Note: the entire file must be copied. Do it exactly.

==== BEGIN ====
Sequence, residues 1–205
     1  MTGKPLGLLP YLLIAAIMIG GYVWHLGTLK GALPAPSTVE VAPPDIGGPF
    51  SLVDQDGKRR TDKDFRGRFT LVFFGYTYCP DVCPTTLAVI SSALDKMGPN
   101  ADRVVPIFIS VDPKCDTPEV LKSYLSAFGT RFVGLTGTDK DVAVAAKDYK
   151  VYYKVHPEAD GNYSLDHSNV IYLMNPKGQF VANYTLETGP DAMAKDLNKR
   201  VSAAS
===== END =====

Sequence, residues 1–205
     1  MTGKPLGLLP YLLIAAIMIG GYVWHLGTLK GALPAPSTVE VAPPDIGGPF
    51  SLVDQDGKRR TDKDFRGRFT LVFFGYTYCP DVCPTTLAVI SSALDKMGPN
   101  ADRVVPIFIS VDPKCDTPEV LKSYLSAFGT RFVGLTGTDK DVAVAAKDYK
   151  VYYKVHPEAD GNYSLDHSNV IYLMNPKGQF VANYTLETGP DAMAKDLNKR
   201  VSAAS